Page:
Vibrant Vienna is packed with history, culture, green spaces and great places to eat. It’s easy to get around and perfect for a family weekend city break. Here are our top tips for things to do in 3 days in Vienna with teenagers.
- A compact and beautiful city
- Home to Beethoven, Mozart and Vienna Boys Choir
- Packed with history and art
- Coffee houses – and delicious cakes
Who went where and when: My sons, Nick 18 and Ed 16, and I went to Vienna for a weekend in February 2016.
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Things to do in Vienna with teenagers
Compact, elegant and stuffed full of cultural treasures, Vienna is a lovely city for a weekend break. It’s a manageable size, pedestrian-friendly and has lots of characterful coffee houses to warm up in on a winter day. It’s also been voted one of the world’s most liveable cities. Here are our top tips for things to do in Vienna Austria on a family holiday with teens.
Find one of the best views of Vienna
Vienna’s small enough to get around relatively quickly. Public transport is very efficient and as it was a chilly few days in February we spent a lot of time hopping on and off the trams and the subway. But first we started with a bird’s eye view.
St Stephen’s Cathedral is a medieval wonder in the historic heart of the city. One of the best views in Vienna is from the top of the south tower. There isn’t a lift. We tackled the 300 plus steps on the tightly spiralling stone stairway along with one or two other breathless parents and a handful of athletic teens.
At the top there’s an indoor viewing floor but luckily one window was flung open. We could soak up the vista of bright blue sky, intricately tiled roofs and fiakers crossing the square below. Incidentally the north tower, home to the giant Pummerin bell, apparently has a lift and open platform but isn’t so tall. The entrance fee for the south tower was 3.50 euros. Stephansplatz 3
See the sights of Vienna by tram
The Viennese tram system is a great way to get a feel for the layout of the city. And the best way to grasp the real splendour of Viennese architecture is to do a round of the Ringstrasse by tram. The vintage yellow tourist Ring trams do the complete circle with a commentary but we covered the same route in our own time on the red public trams, with one or two changes on the way.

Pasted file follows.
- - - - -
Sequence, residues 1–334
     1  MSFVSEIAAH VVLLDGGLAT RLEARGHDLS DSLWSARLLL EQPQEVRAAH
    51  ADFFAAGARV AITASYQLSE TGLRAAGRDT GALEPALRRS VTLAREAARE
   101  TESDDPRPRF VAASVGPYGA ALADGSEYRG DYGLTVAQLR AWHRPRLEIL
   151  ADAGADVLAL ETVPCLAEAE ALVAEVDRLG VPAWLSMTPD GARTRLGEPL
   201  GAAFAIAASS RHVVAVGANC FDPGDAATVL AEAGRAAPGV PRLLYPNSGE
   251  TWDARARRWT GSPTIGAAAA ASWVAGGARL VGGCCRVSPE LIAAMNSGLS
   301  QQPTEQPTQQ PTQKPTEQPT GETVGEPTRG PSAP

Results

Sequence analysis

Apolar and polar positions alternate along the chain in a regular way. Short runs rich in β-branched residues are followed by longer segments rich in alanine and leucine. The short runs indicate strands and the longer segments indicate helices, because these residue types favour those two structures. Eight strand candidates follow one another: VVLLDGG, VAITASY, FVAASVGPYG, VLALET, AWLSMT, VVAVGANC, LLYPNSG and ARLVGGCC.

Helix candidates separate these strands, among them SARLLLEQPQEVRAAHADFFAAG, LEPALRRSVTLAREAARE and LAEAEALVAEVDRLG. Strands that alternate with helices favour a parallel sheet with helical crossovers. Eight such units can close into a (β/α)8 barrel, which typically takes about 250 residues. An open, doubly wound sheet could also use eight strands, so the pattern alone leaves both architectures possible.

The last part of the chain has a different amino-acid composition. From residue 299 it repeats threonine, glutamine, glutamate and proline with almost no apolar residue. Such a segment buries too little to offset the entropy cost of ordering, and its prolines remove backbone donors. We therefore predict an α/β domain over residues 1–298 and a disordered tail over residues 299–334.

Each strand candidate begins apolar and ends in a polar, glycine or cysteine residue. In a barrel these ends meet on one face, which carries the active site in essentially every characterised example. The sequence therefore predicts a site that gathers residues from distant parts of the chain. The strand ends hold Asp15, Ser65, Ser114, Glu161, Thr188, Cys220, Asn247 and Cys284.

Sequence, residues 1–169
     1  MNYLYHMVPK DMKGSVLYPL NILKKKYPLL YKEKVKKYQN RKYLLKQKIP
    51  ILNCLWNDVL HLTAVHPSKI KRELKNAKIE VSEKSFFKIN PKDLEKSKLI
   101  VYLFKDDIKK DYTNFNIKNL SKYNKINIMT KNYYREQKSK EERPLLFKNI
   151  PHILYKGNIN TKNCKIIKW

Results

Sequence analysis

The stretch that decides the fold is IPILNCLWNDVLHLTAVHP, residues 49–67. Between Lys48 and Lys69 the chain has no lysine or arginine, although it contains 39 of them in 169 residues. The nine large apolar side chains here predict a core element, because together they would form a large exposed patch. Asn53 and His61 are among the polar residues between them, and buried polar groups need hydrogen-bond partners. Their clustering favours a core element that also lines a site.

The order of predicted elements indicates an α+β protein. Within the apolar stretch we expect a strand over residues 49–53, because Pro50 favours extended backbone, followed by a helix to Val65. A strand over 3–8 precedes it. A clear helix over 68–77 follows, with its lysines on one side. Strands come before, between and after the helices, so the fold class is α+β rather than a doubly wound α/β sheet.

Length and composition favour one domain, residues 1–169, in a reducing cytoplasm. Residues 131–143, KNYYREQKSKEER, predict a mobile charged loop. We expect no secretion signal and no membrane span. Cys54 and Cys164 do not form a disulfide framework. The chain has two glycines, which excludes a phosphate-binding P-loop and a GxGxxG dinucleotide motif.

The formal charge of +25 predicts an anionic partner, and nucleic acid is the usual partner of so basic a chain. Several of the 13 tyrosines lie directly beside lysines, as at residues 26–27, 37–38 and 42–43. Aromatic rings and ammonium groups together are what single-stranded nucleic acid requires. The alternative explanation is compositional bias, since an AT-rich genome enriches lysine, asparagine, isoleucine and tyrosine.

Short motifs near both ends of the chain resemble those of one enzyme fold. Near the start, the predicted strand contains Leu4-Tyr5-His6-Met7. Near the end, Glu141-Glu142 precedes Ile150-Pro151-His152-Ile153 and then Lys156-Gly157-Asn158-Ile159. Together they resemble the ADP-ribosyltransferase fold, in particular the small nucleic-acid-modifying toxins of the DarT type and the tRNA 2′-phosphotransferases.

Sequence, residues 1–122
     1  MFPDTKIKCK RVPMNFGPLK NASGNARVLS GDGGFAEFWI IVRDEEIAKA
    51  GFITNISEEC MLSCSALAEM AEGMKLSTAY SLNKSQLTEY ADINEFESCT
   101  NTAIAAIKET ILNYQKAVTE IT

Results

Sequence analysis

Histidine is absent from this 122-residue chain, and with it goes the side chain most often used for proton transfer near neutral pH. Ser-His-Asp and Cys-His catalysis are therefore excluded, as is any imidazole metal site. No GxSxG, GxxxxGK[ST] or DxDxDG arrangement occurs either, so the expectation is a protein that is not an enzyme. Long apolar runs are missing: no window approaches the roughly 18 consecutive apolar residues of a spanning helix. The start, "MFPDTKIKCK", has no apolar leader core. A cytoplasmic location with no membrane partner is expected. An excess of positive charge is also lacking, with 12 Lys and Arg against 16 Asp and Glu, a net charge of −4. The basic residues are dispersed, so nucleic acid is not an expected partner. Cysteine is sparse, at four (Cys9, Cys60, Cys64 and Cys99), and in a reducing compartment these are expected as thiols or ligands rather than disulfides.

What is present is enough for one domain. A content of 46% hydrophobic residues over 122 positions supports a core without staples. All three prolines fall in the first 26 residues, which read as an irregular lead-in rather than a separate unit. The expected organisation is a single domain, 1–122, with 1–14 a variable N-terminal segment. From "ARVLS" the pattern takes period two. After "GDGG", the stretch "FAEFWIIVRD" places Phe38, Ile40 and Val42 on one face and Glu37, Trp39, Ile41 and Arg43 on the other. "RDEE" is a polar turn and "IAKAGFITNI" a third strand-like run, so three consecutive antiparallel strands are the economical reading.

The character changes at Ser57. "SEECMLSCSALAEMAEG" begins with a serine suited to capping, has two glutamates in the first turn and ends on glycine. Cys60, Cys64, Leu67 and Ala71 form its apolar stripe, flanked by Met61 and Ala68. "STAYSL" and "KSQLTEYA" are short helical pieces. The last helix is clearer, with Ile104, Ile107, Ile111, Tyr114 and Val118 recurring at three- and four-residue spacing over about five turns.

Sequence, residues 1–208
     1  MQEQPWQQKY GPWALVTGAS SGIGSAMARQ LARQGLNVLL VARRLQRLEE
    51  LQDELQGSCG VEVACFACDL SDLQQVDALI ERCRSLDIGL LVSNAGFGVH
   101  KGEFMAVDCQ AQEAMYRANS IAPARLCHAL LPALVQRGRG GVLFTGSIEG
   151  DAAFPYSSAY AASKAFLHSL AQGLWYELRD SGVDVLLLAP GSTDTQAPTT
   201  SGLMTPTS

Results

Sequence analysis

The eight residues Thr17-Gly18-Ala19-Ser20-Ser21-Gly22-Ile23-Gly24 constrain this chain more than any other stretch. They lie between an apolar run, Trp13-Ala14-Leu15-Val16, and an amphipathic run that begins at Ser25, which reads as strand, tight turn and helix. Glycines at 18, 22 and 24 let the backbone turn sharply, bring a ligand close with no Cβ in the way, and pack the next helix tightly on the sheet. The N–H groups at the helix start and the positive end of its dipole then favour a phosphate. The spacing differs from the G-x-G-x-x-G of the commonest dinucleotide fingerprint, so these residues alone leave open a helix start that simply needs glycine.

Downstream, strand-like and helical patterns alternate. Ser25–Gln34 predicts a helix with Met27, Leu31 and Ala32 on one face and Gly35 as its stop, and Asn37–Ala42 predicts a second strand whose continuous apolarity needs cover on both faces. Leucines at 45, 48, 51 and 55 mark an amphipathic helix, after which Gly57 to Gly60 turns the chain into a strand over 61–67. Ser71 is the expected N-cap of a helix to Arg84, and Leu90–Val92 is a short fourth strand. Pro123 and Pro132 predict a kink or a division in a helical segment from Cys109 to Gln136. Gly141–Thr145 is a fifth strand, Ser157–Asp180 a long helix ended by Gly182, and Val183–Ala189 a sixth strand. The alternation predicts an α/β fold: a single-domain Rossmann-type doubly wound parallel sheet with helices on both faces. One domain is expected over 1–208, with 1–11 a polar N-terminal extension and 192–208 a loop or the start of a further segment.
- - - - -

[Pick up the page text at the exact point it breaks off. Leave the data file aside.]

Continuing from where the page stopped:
The Ringstrasse marks the medieval city limits with a grand boulevard that encircles the Old Town or Innere Stadt. In the 1800s a succession of glamorous public buildings and mansions replaced the old city walls, including the Vienna State opera, the Parliament building and the Rathaus or town hall.
There are lots of green spaces too and we braved the cold to walk around the key sights of the historic centre.
The former hub of the Habsburg empire, Vienna has protected its past glories and developed them with care. The sprawling Hofburg Palace in the centre of town is still home to the UNESCO listed Spanish Riding School. The Kunsthistorisches Museum is also housed in a palace and just across the road lies the Museumsquartier, in what was once the Habsburgs’ rather spacious Imperial stable yard.
Follow the footsteps of The Third Man on a Vienna walking tour
Vienna has long held a bit of a reputation as a spy capital of Europe. Fitting then that it provides the haunting and atmospheric backdrop for The Third Man, one of the greatest British films ever made. Shot in post-Second World War Vienna, which was still in ruins from the conflict, the story deals with racketeering, murder and the febrile atmosphere of the city at a time when Austria was occupied by four different nations. In keeping with the style of this cinema classic, full of shadows and angles, we went on The Third Man walking tour just as dusk was falling.
Our guide took us to some of the famous scenes in the film including the kiosk where Harry Lime the racketeer escapes and the doorway (it makes sense if you’ve seen the film). She had lots of anecdotes from the filming as well as tales of post-war Vienna.